The Mossad sprang into action and launched a lengthy investigation that resulted in the snatching up of Eichmann on Garibaldi Street in Buenos Aires as he got off his bus on May 11, 1960. After his detention he was drugged and secretly flown to Israel on May 20, to stand trial. The trial took place nearly a year later, but the healing began as soon as news of his capture was public. Lapid remarks:

“His capture signified the end of the period of silence. This was a collective earthquake, the eruption of a volcano of emotions and flowing lava of memories. Fifteen years of mute silence had ended. The survivors began to speak out, at first hesitantly and then, in an unstoppable flood. Even the arrogance of the native-born Israelis disappeared as if it had never existed. At first it was replaced with shock, then understanding, and finally mute acknowledgement that there was no difference between us and them. For the first time, people asked me questions about what had transpired there, and for the first time, I answered.”

“Eichmann’s trial aroused international interest, bringing Nazi atrocities to the forefront of world news.” It was decided in Israel that numerous witnesses would be given the opportunity to testify against Eichmann. For many Israelis, even children of survivors, this would be the first time they would hear firsthand accounts of what really happened. While Eichmann sat protected by a bulletproof glass cage (which still sits in Israel’s Holocaust Museum), 112 survivors testified against him.

The Healing Begins
“Testimonies of Holocaust survivors … generated interest in Jewish resistance. The trial prompted a new openness in Israel; many Holocaust survivors felt able to share their experiences as the country confronted this traumatic chapter.”

Attorney General Gideon Hausner’s opening remarks began like this: “When I stand before you, oh judges of Israel, to lead the prosecution of Adolf Eichmann, I do not stand alone. With me here are six million accusers. But they cannot rise to their feet and point an accusing finger at the man in the dock with the cry ‘J’accuse!’ on their lips. For their ashes are piled high on the hills of Auschwitz and in the fields of Treblinka and washed away in the rivers of Poland. Their graves are scattered throughout Europe. Their blood cries out, but their voices are not heard. Thus I shall speak for them. In their name, I shall unfold this terrible indictment.”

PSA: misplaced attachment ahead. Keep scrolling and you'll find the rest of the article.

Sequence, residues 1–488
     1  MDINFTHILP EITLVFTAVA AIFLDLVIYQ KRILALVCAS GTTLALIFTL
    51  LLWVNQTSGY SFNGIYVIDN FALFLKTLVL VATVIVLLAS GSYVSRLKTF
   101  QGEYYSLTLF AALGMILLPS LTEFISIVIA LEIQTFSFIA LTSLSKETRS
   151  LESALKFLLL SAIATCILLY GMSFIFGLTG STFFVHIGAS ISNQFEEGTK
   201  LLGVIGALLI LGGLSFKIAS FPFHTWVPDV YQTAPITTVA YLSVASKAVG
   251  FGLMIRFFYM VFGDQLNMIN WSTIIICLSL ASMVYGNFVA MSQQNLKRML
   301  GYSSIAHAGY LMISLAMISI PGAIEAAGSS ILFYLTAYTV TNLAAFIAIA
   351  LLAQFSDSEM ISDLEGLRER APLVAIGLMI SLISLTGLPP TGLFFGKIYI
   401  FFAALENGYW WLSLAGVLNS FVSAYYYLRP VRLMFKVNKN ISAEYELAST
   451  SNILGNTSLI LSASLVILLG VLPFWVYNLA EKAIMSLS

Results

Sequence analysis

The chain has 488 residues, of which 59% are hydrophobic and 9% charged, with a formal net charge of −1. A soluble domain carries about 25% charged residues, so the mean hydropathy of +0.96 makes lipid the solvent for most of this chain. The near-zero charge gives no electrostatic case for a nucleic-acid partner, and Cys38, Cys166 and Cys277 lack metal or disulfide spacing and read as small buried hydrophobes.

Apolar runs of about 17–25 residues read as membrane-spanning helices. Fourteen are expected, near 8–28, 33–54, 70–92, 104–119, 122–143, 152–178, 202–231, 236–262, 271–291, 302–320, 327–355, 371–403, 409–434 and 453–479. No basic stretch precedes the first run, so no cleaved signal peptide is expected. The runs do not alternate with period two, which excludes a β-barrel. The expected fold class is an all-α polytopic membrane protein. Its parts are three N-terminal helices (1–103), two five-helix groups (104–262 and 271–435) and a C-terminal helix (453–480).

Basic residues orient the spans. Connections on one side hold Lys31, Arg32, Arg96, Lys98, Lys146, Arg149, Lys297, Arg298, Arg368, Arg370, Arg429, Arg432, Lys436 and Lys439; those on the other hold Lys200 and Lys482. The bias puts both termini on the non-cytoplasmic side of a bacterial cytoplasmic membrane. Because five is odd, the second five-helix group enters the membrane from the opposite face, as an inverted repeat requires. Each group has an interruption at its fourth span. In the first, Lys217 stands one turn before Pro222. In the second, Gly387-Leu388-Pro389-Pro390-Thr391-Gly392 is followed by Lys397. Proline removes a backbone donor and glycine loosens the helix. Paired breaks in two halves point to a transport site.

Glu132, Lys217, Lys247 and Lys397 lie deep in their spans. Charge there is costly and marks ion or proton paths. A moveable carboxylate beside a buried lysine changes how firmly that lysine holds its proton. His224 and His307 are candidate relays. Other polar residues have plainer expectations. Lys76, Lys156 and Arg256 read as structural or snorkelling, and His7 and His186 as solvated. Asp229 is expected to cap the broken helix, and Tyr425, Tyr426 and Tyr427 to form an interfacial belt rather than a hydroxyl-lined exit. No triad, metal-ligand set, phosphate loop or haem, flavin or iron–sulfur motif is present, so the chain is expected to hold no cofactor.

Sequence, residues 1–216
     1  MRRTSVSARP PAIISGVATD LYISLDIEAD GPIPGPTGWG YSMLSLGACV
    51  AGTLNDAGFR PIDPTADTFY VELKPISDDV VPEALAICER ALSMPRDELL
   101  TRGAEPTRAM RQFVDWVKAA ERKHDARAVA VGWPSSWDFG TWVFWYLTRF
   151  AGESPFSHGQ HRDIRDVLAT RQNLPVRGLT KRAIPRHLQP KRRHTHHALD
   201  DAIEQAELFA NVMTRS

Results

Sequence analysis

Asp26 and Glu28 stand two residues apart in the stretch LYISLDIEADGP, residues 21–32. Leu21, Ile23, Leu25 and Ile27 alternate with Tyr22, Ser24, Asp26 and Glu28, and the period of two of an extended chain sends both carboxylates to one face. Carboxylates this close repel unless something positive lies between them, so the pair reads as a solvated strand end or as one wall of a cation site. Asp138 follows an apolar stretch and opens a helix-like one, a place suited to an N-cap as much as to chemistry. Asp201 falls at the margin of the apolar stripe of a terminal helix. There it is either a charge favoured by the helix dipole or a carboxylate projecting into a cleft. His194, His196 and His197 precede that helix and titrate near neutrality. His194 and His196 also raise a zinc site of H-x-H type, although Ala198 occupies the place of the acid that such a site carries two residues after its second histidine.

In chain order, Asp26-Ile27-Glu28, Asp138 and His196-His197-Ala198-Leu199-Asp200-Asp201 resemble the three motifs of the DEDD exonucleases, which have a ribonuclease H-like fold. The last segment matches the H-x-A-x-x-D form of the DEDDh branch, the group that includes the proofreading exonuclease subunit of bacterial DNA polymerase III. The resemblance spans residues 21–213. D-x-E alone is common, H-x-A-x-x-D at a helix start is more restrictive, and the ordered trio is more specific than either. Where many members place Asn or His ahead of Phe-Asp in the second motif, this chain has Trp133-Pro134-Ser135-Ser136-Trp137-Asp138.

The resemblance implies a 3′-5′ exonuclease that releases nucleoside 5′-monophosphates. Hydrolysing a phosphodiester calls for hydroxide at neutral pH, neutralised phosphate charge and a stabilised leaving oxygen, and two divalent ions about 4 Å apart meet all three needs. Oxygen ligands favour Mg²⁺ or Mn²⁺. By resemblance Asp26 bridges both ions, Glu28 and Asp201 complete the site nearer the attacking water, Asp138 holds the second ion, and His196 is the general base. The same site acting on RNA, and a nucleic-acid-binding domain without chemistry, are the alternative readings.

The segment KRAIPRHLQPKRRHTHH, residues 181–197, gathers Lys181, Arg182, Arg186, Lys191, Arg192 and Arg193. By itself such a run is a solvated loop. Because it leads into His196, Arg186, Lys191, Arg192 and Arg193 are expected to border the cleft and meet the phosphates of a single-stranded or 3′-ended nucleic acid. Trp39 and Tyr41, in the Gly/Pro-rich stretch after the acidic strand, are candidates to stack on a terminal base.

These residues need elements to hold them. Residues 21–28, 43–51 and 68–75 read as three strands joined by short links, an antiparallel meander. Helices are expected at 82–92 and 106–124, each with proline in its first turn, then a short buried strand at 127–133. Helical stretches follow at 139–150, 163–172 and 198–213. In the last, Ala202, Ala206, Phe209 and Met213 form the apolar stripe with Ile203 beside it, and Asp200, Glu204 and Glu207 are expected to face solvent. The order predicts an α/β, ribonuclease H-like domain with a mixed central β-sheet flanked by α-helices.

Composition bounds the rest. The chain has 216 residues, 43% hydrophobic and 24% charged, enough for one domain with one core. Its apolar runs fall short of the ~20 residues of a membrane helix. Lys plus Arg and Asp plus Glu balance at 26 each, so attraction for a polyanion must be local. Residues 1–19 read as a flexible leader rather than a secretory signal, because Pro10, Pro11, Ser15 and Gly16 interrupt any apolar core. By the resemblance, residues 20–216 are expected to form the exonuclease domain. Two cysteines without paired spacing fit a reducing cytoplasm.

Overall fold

This was the first time that Israel as a nation fully comprehended the monstrous nature of Adolf Hitler. They finally understood what their European brethren had endured. And that merely surviving, during the Holocaust, was a violent act against the will of the Third Reich.

The 1961 trial of Adolf Eichmann marked a turning point in Israel’s history—a collective healing and reconciliation. While only 112 testified, it opened the door for other survivors who had been silent, to finally feel the freedom to share their stories without being judged.

Who would have dreamed that the demon-processed Eichmann, the architect of Israel’s would-be destruction, would be the catalyst for her national healing?

Monday, no one will remember those first 13 years before 1961, the year that Israel celebrated its bar mitzvah, if you will. The stories will be told and the children will listen. Survivors will be honored, not ridiculed … thanks to Adolf Eichmann.

Eichmann was hung on May 31, 1962.

Ron Cantor is the director of Messiah’s Mandate International in Israel, a Messianic Ministry dedicated to taking the message of Jesus from Israel to the ends of the earth (Acts 1:8). Ron also travels internationally teaching on the Jewish roots of the New Testament. He serves on the pastoral team of Tiferet Yeshua, a Hebrew-speaking congregation in Tel Aviv. His newest book, Identity Theft, will be released on April 16. Follow him at @RonSCantor on Twitter.